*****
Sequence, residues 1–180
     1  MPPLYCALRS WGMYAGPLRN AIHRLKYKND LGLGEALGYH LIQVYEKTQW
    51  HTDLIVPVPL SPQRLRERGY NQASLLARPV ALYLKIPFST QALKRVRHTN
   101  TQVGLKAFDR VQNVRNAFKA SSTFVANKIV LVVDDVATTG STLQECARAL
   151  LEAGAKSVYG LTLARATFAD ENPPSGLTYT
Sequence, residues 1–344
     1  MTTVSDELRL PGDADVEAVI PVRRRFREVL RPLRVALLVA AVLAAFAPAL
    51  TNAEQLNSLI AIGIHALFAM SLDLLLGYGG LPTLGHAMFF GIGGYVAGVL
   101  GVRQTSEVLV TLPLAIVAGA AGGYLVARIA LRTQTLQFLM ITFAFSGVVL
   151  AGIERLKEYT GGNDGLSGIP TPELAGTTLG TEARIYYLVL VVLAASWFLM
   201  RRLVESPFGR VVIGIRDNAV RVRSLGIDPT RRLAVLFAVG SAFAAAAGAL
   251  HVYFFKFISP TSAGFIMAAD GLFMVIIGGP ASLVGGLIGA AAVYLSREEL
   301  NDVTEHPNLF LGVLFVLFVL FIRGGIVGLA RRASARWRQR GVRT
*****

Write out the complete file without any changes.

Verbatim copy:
Sequence, residues 1–180
     1  MPPLYCALRS WGMYAGPLRN AIHRLKYKND LGLGEALGYH LIQVYEKTQW
    51  HTDLIVPVPL SPQRLRERGY NQASLLARPV ALYLKIPFST QALKRVRHTN
   101  TQVGLKAFDR VQNVRNAFKA SSTFVANKIV LVVDDVATTG STLQECARAL
   151  LEAGAKSVYG LTLARATFAD ENPPSGLTYT
Sequence, residues 1–344
     1  MTTVSDELRL PGDADVEAVI PVRRRFREVL RPLRVALLVA AVLAAFAPAL
    51  TNAEQLNSLI AIGIHALFAM SLDLLLGYGG LPTLGHAMFF GIGGYVAGVL
   101  GVRQTSEVLV TLPLAIVAGA AGGYLVARIA LRTQTLQFLM ITFAFSGVVL
   151  AGIERLKEYT GGNDGLSGIP TPELAGTTLG TEARIYYLVL VVLAASWFLM
   201  RRLVESPFGR VVIGIRDNAV RVRSLGIDPT RRLAVLFAVG SAFAAAAGAL
   251  HVYFFKFISP TSAGFIMAAD GLFMVIIGGP ASLVGGLIGA AAVYLSREEL
   301  NDVTEHPNLF LGVLFVLFVL FIRGGIVGLA RRASARWRQR GVRT